Newport lawyer sentenced to more than 5 years for $8 million investment scam

Newport lawyer sentenced to more than 5 years for $8 million investment scam

EB-5 Visa, EB5 Visa, EB-5 Investment

A Newport Beach lawyer accused of stealing at least $8 million that he promised to invest on behalf of his clients was sentenced Monday to five years and three months in federal prison.

A federal judge rejected Stephen Young Kang's request for a three-year sentence.

Kang pleaded guilty in November to two felony counts of wire fraud and one felony count of tax evasion, according to the U.S. attorney's office in Los Angeles.

Federal prosecutors alleged that Kang, 46, had been scamming clients since 2002. An indictment released in September accused him of collecting clients' investment money and spending it on personal expenses and luxury goods.

During Monday's sentencing, several of Kang's clients described how his fraud scheme affected them financially and emotionally, according to a news release from the U.S. attorney's office.

Two of the victims said Kang's actions led to the "darkest years" of their lives.

In a plea agreement, Kang admitted that the victims included Ottogi America Inc., a food distributor that wired Kang $3.7 million to buy property in Gardena. Instead of purchasing the land, Kang transferred the money to other bank accounts he controlled and used some of it to partially pay back other victims, including one in Texas who trusted Kang with $500,000.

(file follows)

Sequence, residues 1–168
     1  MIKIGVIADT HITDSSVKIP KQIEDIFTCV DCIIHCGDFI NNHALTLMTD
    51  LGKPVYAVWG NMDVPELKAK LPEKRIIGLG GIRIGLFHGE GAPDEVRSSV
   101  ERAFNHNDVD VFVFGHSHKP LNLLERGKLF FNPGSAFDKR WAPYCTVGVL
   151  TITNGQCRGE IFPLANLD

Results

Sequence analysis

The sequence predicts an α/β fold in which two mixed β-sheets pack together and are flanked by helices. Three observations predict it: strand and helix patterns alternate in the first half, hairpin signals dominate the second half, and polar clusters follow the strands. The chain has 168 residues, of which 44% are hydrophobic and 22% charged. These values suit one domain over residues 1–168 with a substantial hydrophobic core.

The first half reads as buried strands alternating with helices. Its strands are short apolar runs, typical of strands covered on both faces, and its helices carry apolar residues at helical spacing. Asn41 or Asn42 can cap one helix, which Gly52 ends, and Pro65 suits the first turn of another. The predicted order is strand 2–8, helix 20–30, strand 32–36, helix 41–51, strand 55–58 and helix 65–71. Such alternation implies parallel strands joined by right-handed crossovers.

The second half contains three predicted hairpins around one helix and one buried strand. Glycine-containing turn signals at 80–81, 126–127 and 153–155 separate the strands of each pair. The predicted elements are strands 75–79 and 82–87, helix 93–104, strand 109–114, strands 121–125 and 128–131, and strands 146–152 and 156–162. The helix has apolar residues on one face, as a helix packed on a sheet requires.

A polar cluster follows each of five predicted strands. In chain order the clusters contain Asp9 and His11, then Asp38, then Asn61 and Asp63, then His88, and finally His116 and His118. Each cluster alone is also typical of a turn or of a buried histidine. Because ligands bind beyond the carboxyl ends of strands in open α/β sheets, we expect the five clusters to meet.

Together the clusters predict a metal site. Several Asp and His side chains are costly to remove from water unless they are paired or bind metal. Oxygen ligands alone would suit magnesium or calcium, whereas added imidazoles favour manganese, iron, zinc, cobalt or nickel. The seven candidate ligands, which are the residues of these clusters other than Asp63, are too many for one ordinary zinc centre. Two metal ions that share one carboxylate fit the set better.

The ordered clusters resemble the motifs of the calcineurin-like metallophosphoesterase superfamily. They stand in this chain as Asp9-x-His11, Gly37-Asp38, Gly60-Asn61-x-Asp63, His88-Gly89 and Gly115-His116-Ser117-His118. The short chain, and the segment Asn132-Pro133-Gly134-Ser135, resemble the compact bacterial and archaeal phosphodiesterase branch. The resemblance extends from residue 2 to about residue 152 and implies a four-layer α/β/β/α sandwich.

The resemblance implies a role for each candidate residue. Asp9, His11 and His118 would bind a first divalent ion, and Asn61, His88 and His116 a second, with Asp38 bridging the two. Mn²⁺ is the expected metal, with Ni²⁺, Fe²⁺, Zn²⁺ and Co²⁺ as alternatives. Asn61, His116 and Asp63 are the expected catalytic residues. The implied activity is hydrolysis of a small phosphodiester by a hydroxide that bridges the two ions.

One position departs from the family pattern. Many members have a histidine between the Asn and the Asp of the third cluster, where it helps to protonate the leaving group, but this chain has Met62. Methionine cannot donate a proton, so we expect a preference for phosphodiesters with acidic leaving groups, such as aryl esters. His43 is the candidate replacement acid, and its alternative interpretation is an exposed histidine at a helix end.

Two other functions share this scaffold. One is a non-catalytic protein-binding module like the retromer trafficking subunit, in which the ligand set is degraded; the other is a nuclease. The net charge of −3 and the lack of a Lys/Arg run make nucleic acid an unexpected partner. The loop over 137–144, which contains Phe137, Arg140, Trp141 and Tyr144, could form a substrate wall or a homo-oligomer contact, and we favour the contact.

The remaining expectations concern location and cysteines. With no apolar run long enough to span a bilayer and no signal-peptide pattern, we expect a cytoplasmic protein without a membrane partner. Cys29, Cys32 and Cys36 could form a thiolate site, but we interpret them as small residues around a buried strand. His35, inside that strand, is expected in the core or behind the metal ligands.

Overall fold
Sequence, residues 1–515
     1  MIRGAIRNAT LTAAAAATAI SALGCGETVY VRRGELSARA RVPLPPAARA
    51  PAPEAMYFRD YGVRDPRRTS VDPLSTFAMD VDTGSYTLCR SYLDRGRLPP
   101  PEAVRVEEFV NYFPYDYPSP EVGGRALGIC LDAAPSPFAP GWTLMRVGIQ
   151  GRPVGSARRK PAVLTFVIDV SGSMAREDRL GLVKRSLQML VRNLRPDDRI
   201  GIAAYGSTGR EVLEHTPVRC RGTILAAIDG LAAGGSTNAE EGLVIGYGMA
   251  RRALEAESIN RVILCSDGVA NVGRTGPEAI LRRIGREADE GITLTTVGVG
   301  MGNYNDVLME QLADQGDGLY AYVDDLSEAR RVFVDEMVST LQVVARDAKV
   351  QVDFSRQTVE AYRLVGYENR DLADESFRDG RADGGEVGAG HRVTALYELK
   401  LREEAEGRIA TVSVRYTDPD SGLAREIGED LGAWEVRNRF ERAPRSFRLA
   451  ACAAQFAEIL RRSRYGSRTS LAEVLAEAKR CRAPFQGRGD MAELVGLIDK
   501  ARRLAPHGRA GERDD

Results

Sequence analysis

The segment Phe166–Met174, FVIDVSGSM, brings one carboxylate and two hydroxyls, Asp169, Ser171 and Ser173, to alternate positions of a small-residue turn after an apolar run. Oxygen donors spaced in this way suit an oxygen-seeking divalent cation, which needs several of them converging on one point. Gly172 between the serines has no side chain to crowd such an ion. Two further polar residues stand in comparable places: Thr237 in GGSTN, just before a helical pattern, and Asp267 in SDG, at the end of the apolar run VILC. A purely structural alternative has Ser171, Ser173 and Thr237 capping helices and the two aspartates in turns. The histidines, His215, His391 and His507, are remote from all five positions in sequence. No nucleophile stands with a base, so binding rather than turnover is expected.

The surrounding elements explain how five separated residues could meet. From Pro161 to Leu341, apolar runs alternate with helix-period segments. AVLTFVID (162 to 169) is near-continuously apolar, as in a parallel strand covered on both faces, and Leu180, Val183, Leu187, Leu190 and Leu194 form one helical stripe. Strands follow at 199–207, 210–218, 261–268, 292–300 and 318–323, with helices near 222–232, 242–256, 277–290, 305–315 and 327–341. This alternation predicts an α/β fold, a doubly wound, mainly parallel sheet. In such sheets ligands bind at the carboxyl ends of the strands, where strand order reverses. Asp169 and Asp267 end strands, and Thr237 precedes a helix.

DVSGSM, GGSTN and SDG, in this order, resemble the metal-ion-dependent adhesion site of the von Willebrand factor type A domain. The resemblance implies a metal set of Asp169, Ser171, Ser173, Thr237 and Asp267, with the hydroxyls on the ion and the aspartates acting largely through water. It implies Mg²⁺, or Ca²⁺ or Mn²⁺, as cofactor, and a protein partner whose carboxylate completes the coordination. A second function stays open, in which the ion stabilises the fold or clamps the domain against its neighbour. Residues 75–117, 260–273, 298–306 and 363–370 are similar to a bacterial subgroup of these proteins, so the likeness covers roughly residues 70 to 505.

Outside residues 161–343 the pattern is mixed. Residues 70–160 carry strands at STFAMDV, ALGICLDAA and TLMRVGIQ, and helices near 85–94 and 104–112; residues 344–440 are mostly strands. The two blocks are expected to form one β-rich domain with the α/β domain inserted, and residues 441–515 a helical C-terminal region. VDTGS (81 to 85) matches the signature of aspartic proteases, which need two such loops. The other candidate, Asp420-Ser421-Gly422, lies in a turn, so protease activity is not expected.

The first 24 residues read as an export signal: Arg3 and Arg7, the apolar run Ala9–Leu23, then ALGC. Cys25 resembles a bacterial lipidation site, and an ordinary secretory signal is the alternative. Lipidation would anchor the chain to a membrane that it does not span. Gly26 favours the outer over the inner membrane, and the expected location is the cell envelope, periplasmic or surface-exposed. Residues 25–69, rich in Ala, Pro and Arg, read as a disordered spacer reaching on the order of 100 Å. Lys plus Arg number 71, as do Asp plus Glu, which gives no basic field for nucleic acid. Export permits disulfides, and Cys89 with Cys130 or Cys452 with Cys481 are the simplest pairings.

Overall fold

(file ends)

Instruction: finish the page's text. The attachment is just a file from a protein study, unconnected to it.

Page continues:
Prosecutors alleged that even while he was facing the felony charges last year, Kang cheated the Texas victim again by offering to pay back the initial investment with interest from a life insurance policy. However, the U.S. attorney's office said, he failed to mention that the policy was worth only $250,000 and that his wife was the sole beneficiary.

Prosecutors had charged Kang with 30 felonies, but most of those charges were dropped as part of the plea agreement.

The charges included allegations that Kang stole money from overseas clients he had promised to help get into the EB-5 visa program, which requires applicants to invest $500,000 in a company that will use it to create or retain jobs in the United States.

Kang is scheduled to return to court March 28 for a hearing to determine the amount of restitution he will be ordered to pay his victims, the news release said.

"Professionals, including attorneys, who use their position of trust to create elaborate schemes that have no purpose other than to mislead others … will be prosecuted to the full extent of the law," Acting Special Agent in Charge Anthony Orlando of IRS Criminal Investigation said in a statement. "Today's sentence reinforces our commitment to every American taxpayer to identify and prosecute those who devise illegal investment schemes designed to promote their own wealth and evade their tax obligations."



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